Whitman news since 1896

Whitman Wire

Vol. CLIV, Issue 5
Whitman news since 1896

Whitman Wire

Whitman news since 1896

Whitman Wire

Petraeus-Crocker report slaps America with harsh reality of Iraq

All United States citizens recently received a slap across the face. Whether you felt it or not depends on your idea of the current situation in Iraq.

Early last week, General David Petraeus and our own Ryan Crocker ’71, ambassador to Iraq, provided us with their much anticipated progress report on the efficacy of the military surge. This military surge was employed by President Bush at the year’s onset in order to “buy time” for the al-Malaki government to get its act together and become a cohesive, legislating unit.

The progress report was, in and of itself, a false hope. A false hope in providing the American public with a truly transparent view of the situation in Iraq. A false hope in outlining for the American public a sensible strategy for the months to come. And, above all, a false hope in assuring the American public of the righteousness of keeping our preeminent citizens in a country that is all but an apartheid between Sunnis, Kurds and Shi’ites.

On this point even the ambassador himself agrees with me. He unfalteringly noted that “no longer is an all-powerful Baghdad seen as the panacea to Iraq’s problems.” If a strong central government is what Bush sought and if the purpose of the surge was to facilitate the creation thereof, then why are we still funneling $10 billion a month into sustaining this sectarian struggle?

Unfortunately, Iraq will become all but a cylinder of immiscible liquids, kind of like that cool cylinder containing water and several types of oils that you saw in seventh grade science class. Iraq won’t even become a federalist state: that is, a central government acting as a flimsy umbrella over the more independent regional governments of Kurdistan, the Sunni Triangle and the predominantly Shiite southeastern Iraq. This is because theological differences dating back to middle of the seventh century cannot be solved in a matter of mêlées.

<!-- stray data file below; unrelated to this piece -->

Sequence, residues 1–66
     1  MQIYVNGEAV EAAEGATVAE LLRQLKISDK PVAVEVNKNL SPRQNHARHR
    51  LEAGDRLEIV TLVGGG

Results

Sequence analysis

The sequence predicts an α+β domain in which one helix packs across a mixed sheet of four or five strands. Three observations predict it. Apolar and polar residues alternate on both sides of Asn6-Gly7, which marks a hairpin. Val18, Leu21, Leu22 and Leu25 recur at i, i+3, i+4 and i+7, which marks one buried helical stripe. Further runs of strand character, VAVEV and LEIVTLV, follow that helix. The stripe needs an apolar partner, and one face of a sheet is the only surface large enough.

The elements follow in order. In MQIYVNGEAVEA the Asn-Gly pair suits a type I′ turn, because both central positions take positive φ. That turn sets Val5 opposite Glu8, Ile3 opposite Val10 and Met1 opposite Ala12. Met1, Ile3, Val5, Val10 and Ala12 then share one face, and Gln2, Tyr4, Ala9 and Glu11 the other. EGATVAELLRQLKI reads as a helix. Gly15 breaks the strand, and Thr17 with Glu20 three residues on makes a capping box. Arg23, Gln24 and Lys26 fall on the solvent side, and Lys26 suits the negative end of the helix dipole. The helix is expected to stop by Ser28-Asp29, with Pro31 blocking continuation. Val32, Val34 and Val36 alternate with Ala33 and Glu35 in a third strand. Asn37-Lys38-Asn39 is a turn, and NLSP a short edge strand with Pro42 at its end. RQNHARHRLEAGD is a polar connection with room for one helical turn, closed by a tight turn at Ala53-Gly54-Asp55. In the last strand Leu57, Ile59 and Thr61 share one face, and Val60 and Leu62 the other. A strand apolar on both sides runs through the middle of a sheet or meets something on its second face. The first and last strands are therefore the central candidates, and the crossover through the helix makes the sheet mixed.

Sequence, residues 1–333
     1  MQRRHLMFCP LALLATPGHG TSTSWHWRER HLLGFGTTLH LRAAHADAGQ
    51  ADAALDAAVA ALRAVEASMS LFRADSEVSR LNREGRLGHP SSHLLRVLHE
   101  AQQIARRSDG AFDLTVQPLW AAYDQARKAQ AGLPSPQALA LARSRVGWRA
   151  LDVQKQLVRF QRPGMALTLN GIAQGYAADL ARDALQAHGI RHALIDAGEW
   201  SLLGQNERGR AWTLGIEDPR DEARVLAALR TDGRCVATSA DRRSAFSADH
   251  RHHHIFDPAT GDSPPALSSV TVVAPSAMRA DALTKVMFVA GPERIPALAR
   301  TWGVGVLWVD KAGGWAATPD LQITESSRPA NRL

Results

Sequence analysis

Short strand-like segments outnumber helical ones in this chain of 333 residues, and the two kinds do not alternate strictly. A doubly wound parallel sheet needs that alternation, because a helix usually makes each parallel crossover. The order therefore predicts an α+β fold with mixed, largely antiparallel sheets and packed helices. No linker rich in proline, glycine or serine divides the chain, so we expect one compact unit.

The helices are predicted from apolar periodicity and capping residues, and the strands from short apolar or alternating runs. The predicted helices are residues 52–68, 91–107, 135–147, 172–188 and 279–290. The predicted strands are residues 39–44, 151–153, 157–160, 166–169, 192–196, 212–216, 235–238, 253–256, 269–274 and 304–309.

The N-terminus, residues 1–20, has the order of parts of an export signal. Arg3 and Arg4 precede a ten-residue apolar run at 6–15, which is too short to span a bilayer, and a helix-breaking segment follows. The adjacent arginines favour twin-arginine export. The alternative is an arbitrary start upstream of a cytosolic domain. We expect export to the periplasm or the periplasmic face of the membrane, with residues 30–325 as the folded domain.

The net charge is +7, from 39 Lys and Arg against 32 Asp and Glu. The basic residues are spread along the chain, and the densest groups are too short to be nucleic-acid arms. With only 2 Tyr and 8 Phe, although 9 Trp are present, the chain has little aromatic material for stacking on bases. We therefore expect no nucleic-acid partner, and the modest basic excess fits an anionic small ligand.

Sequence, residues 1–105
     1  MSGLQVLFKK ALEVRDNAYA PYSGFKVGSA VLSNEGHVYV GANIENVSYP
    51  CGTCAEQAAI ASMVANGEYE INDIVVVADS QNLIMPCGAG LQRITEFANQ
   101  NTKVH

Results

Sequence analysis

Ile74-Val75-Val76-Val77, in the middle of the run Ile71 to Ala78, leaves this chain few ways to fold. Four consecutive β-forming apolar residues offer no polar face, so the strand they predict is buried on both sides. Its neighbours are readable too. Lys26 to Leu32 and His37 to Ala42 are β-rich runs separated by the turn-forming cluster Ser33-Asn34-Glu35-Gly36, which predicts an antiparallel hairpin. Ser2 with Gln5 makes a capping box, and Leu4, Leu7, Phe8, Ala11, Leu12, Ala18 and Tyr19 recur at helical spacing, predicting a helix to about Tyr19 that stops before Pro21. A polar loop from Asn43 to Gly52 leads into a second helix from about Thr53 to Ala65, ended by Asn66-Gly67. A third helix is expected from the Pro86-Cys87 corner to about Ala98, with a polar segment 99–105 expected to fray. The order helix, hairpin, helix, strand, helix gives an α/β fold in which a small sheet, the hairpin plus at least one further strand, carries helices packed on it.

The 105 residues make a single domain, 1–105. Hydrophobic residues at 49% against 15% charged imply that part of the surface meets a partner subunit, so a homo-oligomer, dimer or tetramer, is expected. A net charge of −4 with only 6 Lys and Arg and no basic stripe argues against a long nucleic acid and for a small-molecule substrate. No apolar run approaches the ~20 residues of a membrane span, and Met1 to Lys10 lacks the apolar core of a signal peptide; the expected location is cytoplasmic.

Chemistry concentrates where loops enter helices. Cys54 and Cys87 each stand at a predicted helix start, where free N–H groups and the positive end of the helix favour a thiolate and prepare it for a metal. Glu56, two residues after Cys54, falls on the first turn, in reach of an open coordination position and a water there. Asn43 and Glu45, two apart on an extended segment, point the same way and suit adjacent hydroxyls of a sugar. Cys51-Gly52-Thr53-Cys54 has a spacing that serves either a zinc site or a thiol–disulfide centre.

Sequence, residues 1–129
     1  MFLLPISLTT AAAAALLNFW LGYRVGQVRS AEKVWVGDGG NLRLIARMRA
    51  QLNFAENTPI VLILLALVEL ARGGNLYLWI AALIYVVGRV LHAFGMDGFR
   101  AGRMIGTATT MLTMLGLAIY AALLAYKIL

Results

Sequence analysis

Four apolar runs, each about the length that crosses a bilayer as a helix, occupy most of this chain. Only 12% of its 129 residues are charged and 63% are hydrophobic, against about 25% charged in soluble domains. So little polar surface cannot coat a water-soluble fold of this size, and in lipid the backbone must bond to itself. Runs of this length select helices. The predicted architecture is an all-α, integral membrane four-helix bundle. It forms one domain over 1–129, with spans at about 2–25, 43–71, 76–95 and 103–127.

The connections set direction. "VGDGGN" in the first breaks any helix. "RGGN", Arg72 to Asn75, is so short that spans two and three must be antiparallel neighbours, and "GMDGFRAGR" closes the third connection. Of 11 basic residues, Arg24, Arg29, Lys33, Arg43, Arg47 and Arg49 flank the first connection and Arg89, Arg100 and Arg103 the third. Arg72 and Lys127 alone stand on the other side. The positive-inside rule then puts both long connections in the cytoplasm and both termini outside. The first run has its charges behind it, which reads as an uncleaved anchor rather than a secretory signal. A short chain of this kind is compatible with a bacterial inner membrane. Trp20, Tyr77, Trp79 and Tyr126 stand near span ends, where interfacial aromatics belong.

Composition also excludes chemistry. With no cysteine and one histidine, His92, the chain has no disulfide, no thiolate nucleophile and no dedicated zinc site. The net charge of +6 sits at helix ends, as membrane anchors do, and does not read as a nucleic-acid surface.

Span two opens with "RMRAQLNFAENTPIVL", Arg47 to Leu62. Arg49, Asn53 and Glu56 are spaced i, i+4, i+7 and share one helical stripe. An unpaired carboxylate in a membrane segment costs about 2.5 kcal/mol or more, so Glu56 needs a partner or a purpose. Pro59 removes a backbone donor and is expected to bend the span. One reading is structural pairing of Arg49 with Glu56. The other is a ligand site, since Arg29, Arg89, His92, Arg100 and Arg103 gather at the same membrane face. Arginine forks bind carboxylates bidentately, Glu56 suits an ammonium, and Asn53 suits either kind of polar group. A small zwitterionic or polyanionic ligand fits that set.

These differences probably won’t even be settled in our lifetime, so it would be unwise to bet otherwise.
Reverting to the Petraeus-Crocker report, among all the points made the most notable was the prediction that by the summer of 2008 the troop level in Iraq could drop by 30,000. Though appealing, this would merely return us to the status quo. In a New York Times editorial last week, the analogy was made that the surge has been “the rough equivalent of dropping an object and taking credit for gravity.”

Of all the arguments set forth by Gen. Petraeus and Ambassador Crocker, that which was most bought by Congress and the American public was the overall reduction in violence. Many Republican moderates like Lindsay Graham of South Carolina who believed that the Iraq strategy was flawed from the beginning, now: because of this argument: consider or fully support a plan to keep the military in Iraq. During Petraeus’ report, he cited that because of the added troops, Iraqi deaths over the past three months have declined. What he failed to point out with his large, computer-generated, multicolored graph was that the deaths have declined from 1,600 a week to over roughly 1,000 a week: this doesn’t describe a 37.5 percent decline in deaths, but rather that there are still 1,000 people dying every week. Moreover, they do not describe geographically where deaths occur most. In Baghdad, for instance, the rate of casualties has flatlined since mid-2007.

The fact that many middle-of-the-road Republicans wholeheartedly believe Gen. Petraeus’ idealism and now will not use their vote to put an end to this war is very troubling. Former Secretary of State Colin Powell once said, “Perpetual optimism is a force multiplier.” By this decree, many Republicans staunchly stand. The problem we face today is that our multiplier has all but dwindled to zero.

If you believe that the surge is actually working and that staying the course will ultimately result in a democratic Iraq, held together by one central government where people are not oppressed or do not live in fear of being shot while casting a ballot, held together by a blooming economy led by a strong middle-class of working Iraqi men and women and held together by a common interest that places the good of the state above any individual pious ideal, then you didn’t feel the slap dealt last week. For you, pain is a sign of weakness and staying the course is a necessity, no matter how dire the realities are.

For the rest of us who don’t believe the surge is actually working and believe we should change our strategy in Iraq, we felt the slap dealt to us last week by Gen. Petraeus and Ambassador Crocker. And it hurt.

Leave a Comment
More to Discover

Comments (0)

All Whitman Wire Picks Reader Picks Sort: Newest

Your email address will not be published. Required fields are marked *